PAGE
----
Chuck: Besides recently sharing with us that he's among the planet's tallest gay men, former Jazzman John Amaechi also had some unflattering things to say about both Utah coach Jerry Sloan and team owner Larry H. Miller.
But Big John might as well have taken his axe to some titanium as criticizing the duo did nothing to dent their iconic standing locally.
Amy: I read only excerpts of the book in different magazines, and it appears to me his criticisms were based on his OWN fear of what people like Sloan and Miller were thinking and feeling.
Sloan and Miller never said anything about his private life to him, and I find it more than a little convenient to blame his lackluster career here and unexpected exit on how he thought others felt about a life he never really revealed to anyone within the Jazz organization.
The bottom line: Your private life is a nonissue, if you actually earn your millions. Amaechi didn't, and still, no one cared about his private life.
Chuck: Apparently Amaechi's sexual orientation was just too much to handle for self-proclaimed homophobic Tim Hardaway.
Hardaway, who's black, sounded as ignorant and bigoted as white racists of half a century earlier when commenting about Amaechi's revelation on a Miami radio show.
" ... I hate gay people, so I let it be known," the former NBA knucklehead said. "I don't like gay people, and I don't like to be around gay people ..."
Hanging Commissioner David Stern dispensed justice quickly — cancelling Hardaway's Vegas vacation representing the league at several NBA All-Star Game functions.
Amy: While I think Amaechi is exploiting his sexual orientation, I think Stern did the right thing regarding Hardaway. In a world filled with too much pain and anger, the last thing the NBA needed was an ambassador spewing a little more hate.
Now if only Stern had the authority to fire some of our elected officials who spread hatred and misunderstand through speeches and legislation. These people, unfortunately, have access to publicity that ordinary people don't, and I am ashamed at some of the things they do and say in the name of democracy.
Chuck: Is anyone else fed up with all the trouble and ill will that high school sports transfers keep generating?
Most recently, two girls received a temporary restraining order to play for American Leadership Academy, and then lost it just before the 2A state basketball tournament. Thankfully, the judge ruled in favor of the Utah High School Activities Association's original decision to deny eligibility to the girls. But I'm still nonplussed over the idea of high school eligibility being adjudicated in our courts.
High school should be about academics, acne and angst. Not how good your mommy and daddy's attorney is.
Amy: Actually, transfers for athletic reasons are SUPPOSED to be nonexistent. The reality is that parents, coaches and even administrators know how to skirt the rules in transferring for sports.
The UHSAA and the state's school leaders better come up with a solution to the problem, or the Legislature and courts will gladly take over the role of governing high school sports transfers. And based on some of the recent legislative proposals, as well as the efficiency of litigation, nothing could be worse for this complicated and emotional issue than lawmakers and lawyers.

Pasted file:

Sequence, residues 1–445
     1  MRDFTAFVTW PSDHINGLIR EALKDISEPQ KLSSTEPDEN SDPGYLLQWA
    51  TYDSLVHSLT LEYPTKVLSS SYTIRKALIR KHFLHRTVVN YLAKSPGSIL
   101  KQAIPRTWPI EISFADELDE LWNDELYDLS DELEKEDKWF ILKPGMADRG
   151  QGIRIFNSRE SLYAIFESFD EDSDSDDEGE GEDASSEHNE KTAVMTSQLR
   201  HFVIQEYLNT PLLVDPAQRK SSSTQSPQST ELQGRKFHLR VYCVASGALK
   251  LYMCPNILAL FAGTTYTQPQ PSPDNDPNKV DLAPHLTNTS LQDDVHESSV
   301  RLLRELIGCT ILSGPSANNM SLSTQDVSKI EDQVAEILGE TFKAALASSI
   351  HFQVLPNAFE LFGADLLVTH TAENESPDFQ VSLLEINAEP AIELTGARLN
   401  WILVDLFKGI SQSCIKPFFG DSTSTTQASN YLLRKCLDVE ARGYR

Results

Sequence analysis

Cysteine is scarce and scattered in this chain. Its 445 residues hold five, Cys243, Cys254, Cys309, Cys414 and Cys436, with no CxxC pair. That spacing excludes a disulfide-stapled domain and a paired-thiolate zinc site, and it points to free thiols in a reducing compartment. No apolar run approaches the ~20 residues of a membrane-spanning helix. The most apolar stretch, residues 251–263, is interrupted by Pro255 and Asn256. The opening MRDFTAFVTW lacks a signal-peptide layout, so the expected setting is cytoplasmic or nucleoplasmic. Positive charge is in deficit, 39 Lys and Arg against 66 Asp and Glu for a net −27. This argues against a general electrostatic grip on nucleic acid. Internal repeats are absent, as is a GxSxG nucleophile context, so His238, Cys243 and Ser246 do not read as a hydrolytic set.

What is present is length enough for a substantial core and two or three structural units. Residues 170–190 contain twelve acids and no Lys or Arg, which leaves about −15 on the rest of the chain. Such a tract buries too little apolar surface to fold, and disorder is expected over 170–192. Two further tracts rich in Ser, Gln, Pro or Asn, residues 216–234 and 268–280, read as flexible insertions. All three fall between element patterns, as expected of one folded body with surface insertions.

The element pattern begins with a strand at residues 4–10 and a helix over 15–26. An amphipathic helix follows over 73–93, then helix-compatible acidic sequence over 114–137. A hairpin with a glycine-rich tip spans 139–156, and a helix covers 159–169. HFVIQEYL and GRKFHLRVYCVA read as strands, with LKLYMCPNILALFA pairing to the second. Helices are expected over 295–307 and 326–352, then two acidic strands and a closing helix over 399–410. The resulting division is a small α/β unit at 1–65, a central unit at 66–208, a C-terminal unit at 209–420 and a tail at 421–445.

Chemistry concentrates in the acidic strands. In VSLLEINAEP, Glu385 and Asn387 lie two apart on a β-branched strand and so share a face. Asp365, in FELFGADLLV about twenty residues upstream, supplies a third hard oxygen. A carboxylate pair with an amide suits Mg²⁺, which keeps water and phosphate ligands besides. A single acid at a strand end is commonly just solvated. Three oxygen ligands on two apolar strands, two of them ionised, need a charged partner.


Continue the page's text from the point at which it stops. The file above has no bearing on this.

Chuck: What should we make of the Jazz's six-game winning streak going into the NBA All-Star break with newly minted all-star power forward Carlos Boozer out of the lineup due to another injury?
Perhaps it's telling us that the straw stirring the diet Coke at the ESA these days is point guard Deron Williams — much as it was John Stockton and not Karl Malone back in the day.
Amy: I don't think one player can shine in basketball without a couple of teammates who help by either capitalizing on great passes or making those passes. D-Williams doesn't look like such a fantastic leader without the late-game heroics of Mehmet Okur.
Another explanation may be that a number of teams actually do well without their superstar because the rest of the guys don't have him to rely on, so they work harder themselves.
Chuck: Finally, while I'm not a Marty Schottenheimer fan, I believe San Diego owner Dean Spanos will regret firing him.
Spanos rationalized the move by saying Schottenheimer had lost too many key coaches this offseason — offensive coordinator Cam Cameron took the top job in Miami and defensive coordinator Wade Phillips is running the show in Dallas now. It's also true that Schottenheimer and general manager A.J. Smith cooperated like Sunnis and Shiites.
But instead of challenging for the Super Bowl again next season, the Chargers will certainly take a step backward with lovable loser, Norv Turner, at the helm. It'll be another wasted year for incredible LaDanian Tomlinson, who according to the laws of running backs must eventually start showing signs of a half-life.
New England didn't bail on Bill Belichick two seasons ago when he lost both offensive coordinator Charlie Weis (Notre Dame) and defensive coordinator Romeo Crennel (Cleveland). Nor did the Patriots flinch when Belichick lost Crennel's replacement, Eric Mangini to coach the Jets last season.
Amy: Yes, but Bill didn't pass on the chance to extend his contract before the season began. What assistant coach wants to come to work for a guy who only has a guaranteed job for one year?
And as we've discussed on other occassions, fired coaches never really go away. Don't feel too sorry for them; they just go somewhere else, with their wallet full of severance pay. I guess it's their version of recycling.
E-mail: firstname.lastname@example.org. email@example.com